But money is only the beginning. A breach can leave a much longer tail of havoc in terms of reputational damage. When customers know your organization has let their data fall into the hands of cyber criminals, they lose trust in it. They now have every incentive to take their business elsewhere. After all, if it happened once, what's to stop it happening again?

Legal consequences and compliance violations

As if the breach itself weren't bad enough, it can also create a fallout of compliance-related and legal punishments. Organizations that handle private health information (PHI)  have to worry about fines from the Department of Justice's Office of Civil Rights, which has levied $142,663,772 in fines since 2003 for HIPAA violations. Merchants can see fines up to $500,00 per PCI DSS violation. In some cases, customers can even sue an organization after a data breach, which can lead to costly settlements.

Proactive strategies for defending against credential theft

Implementing strong password policies

Passwords are your company's first line of defense against threat actors. Even though 91% of people understand that reusing passwords creates a security risk, the average employee still uses the same password for around 13 different accounts. People also tend to use fairly weak passwords: 64% of passwords contain just eight to 11 characters.

Your organization needs to put tools and policies in place to protect employees from themselves. They should be required to create passwords that are long and complex, using uppercase and lowercase letters, numbers, and special characters. Passwords should then be updated regularly. A password manager can make both of these policies much more convenient to follow, and that’s important. After all, policy doesn't mean much without adherence.

The importance of multi-factor authentication (MFA)

Multi-factor authentication can go a long way toward shoring up your defenses. With MFA, threat actors would need to steal not just employee credentials, but also gain access to all the other authentication factors. That double layer of defense can drastically lower the risk of credential theft and protect your networks and data.

Regular security audits and employee training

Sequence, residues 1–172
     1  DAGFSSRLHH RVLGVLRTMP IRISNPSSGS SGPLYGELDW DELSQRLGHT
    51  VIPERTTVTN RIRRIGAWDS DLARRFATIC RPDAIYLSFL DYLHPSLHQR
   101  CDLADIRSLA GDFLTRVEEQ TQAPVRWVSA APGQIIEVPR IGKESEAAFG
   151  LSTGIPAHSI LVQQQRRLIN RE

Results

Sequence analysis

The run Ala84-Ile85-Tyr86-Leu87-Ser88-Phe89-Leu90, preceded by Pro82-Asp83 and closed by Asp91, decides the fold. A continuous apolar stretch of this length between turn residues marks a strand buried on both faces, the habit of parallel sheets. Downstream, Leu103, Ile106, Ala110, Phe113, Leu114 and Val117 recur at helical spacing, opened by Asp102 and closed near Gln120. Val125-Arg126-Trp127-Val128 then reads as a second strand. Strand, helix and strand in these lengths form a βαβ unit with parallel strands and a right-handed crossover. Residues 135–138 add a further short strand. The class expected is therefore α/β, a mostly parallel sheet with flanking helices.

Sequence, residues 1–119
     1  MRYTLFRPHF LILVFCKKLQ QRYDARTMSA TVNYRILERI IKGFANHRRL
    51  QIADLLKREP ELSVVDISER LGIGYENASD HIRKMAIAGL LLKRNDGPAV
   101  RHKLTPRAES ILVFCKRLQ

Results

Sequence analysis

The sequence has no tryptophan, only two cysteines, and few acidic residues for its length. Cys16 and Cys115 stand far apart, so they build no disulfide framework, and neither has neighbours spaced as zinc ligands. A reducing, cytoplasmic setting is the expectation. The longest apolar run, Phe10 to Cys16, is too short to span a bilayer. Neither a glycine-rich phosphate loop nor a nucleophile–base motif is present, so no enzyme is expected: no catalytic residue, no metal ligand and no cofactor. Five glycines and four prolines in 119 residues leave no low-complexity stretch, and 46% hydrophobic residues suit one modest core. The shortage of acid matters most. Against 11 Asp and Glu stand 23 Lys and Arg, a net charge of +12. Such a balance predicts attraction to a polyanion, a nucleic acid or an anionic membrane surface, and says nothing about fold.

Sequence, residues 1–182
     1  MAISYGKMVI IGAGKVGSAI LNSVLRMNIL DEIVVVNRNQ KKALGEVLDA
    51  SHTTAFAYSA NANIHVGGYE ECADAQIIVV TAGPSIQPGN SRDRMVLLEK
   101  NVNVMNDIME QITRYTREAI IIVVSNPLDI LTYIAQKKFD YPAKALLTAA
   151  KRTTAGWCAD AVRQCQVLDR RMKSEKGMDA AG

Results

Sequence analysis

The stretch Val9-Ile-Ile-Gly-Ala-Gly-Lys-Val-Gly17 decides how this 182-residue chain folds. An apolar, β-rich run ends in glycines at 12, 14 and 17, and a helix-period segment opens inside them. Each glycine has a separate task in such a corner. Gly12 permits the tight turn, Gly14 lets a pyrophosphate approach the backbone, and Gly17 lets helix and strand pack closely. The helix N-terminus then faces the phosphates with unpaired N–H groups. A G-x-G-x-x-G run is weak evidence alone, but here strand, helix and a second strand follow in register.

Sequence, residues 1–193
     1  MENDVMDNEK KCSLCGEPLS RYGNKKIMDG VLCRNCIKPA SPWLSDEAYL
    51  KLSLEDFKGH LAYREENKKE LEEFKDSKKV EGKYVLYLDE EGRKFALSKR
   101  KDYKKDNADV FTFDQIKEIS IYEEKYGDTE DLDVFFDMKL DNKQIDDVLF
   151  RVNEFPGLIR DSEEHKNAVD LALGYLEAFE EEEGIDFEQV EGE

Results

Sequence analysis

If employees don't understand your security policies, they're going to have a hard time executing them. You can combat that by training them on key cybersecurity issues and how to handle them. Take the time to explain how phishing, social engineering attacks, and credential theft work, and you'll give your team the best chance possible to keep the organization safe.

Of course, one-off training can't guarantee perpetual safety. Threat actors work every day to get past your defenses. If you don't perform regular audits of those defenses, they may find vulnerabilities before you do. Kicking the tires every so often helps you stay one step ahead.

Leveraging advanced security technologies

Staying secure requires a network of technologies and solutions that reinforce one another. This list of suggestions can start you on your way:

  • Mobile endpoint security can detect and respond to phone-focused phishing attempts in real time.
  • Threat intelligence leverages mobile telemetry to track APT activity, revealing the latest attack strategies so you're prepared to defend against them.
  • Zero-trust policies go beyond credentials by monitoring user activity, spotting abnormalities, and reacting to prevent misuse.

Keeping credentials secure 

In the modern kill chain, credential theft is just the beginning. With the access it provides, threat actors can run wild on an unprepared system. To keep your data secure — whether it's on mobile devices or in the cloud — you need a strategy that prepares employees for attempts to steal their credentials. That strategy also needs to incorporate both traditional endpoints and smartphones, which have become increasingly common points of attack for threat actors.

What does all of this look like in practice? Watch the free Lookout webinar Understanding the Modern Kill Chain to Keep Data Secure in 2024 to learn from two real-world examples. Threat actors are always hunting for new ways into your systems. With Lookout, you can stay a step ahead.

Understanding the Modern Kill Chain To Keep Data Secure in 2024

Join this session to learn about the evolution of the kill chain and the steps you can take to protect your data in 2024.

Book a personalized, no-pressure demo today to learn:

  • How adversaries are leveraging avenues outside traditional email to conduct phishing on iOS and Android devices
  • Real-world examples of phishing and app threats that have compromised organizations
  • How an integrated endpoint-to-cloud security platform can detect threats and protect your organization

Book a personalized, no-pressure demo today to learn:

  • How adversaries are leveraging avenues outside traditional email to conduct phishing on iOS and Android devices
  • Real-world examples of phishing and app threats that have compromised organizations
  • How an integrated endpoint-to-cloud security platform can detect threats and protect your organization

Book a personalized, no-pressure demo today to learn:

Discover how adversaries use non-traditional methods for phishing on iOS/Android, see real-world examples of threats, and learn how an integrated security platform safeguards your organization.

Understanding the Modern Kill Chain To Keep Data Secure in 2024

Join this session to learn about the evolution of the kill chain and the steps you can take to protect your data in 2024.